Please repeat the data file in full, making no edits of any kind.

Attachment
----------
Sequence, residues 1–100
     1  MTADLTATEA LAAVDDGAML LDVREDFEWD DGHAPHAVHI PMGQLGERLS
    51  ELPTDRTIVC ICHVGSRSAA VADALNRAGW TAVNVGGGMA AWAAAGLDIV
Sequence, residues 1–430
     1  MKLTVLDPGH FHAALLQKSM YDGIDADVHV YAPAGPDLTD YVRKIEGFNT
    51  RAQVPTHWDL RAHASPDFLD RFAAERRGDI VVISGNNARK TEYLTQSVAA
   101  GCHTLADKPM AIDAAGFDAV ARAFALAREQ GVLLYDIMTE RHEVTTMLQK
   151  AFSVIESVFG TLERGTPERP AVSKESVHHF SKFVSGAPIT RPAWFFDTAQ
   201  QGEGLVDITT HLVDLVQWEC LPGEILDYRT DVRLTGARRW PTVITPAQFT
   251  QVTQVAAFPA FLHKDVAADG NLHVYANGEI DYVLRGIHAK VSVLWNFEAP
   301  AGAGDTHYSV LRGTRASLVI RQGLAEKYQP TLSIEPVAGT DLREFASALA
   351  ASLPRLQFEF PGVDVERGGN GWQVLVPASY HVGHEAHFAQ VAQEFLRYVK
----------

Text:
Sequence, residues 1–100
     1  MTADLTATEA LAAVDDGAML LDVREDFEWD DGHAPHAVHI PMGQLGERLS
    51  ELPTDRTIVC ICHVGSRSAA VADALNRAGW TAVNVGGGMA AWAAAGLDIV
Sequence, residues 1–430
     1  MKLTVLDPGH FHAALLQKSM YDGIDADVHV YAPAGPDLTD YVRKIEGFNT
    51  RAQVPTHWDL RAHASPDFLD RFAAERRGDI VVISGNNARK TEYLTQSVAA
   101  GCHTLADKPM AIDAAGFDAV ARAFALAREQ GVLLYDIMTE RHEVTTMLQK
   151  AFSVIESVFG TLERGTPERP AVSKESVHHF SKFVSGAPIT RPAWFFDTAQ
   201  QGEGLVDITT HLVDLVQWEC LPGEILDYRT DVRLTGARRW PTVITPAQFT
   251  QVTQVAAFPA FLHKDVAADG NLHVYANGEI DYVLRGIHAK VSVLWNFEAP
   301  AGAGDTHYSV LRGTRASLVI RQGLAEKYQP TLSIEPVAGT DLREFASALA
   351  ASLPRLQFEF PGVDVERGGN GWQVLVPASY HVGHEAHFAQ VAQEFLRYVK